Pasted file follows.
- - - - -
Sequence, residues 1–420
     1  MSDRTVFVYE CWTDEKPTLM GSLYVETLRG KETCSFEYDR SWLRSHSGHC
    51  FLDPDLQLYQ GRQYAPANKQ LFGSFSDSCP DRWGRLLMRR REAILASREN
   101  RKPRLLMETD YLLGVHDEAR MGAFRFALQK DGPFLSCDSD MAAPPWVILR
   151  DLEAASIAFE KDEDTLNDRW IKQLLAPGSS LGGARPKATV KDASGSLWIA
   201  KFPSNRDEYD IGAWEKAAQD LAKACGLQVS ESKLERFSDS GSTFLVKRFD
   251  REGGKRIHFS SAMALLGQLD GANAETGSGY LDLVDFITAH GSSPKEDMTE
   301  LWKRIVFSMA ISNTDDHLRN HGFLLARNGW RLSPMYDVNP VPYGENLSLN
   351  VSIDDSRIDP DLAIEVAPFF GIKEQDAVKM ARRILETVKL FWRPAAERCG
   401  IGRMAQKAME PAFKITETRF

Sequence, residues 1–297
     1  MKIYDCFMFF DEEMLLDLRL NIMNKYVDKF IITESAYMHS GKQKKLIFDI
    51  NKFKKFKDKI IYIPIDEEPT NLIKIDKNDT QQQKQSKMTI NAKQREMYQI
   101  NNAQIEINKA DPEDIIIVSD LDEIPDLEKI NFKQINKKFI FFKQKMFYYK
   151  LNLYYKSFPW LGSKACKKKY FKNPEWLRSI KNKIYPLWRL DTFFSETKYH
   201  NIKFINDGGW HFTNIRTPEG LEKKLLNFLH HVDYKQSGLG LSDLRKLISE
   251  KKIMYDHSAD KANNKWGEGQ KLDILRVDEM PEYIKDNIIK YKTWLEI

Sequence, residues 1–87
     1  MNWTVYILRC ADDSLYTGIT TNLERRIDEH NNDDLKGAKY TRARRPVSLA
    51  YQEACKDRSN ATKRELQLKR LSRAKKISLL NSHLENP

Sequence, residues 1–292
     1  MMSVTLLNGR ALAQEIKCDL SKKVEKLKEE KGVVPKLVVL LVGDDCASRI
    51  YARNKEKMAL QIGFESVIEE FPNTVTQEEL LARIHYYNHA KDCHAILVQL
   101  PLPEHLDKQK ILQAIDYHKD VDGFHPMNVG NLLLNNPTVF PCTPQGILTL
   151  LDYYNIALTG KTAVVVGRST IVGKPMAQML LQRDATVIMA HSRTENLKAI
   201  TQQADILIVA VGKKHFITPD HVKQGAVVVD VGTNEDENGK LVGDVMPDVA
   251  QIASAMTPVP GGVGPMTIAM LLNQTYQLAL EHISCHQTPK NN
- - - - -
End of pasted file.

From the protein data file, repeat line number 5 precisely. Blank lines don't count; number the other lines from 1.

   151  DLEAASIAFE KDEDTLNDRW IKQLLAPGSS LGGARPKATV KDASGSLWIA